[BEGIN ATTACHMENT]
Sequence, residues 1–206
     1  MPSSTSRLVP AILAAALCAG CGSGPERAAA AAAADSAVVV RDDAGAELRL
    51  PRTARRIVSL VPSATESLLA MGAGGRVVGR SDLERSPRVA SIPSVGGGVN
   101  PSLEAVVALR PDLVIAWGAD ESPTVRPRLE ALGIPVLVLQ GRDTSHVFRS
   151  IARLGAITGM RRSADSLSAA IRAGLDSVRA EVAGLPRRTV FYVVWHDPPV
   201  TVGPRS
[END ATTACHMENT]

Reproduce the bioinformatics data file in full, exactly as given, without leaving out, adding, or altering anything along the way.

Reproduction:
Sequence, residues 1–206
     1  MPSSTSRLVP AILAAALCAG CGSGPERAAA AAAADSAVVV RDDAGAELRL
    51  PRTARRIVSL VPSATESLLA MGAGGRVVGR SDLERSPRVA SIPSVGGGVN
   101  PSLEAVVALR PDLVIAWGAD ESPTVRPRLE ALGIPVLVLQ GRDTSHVFRS
   151  IARLGAITGM RRSADSLSAA IRAGLDSVRA EVAGLPRRTV FYVVWHDPPV
   201  TVGPRS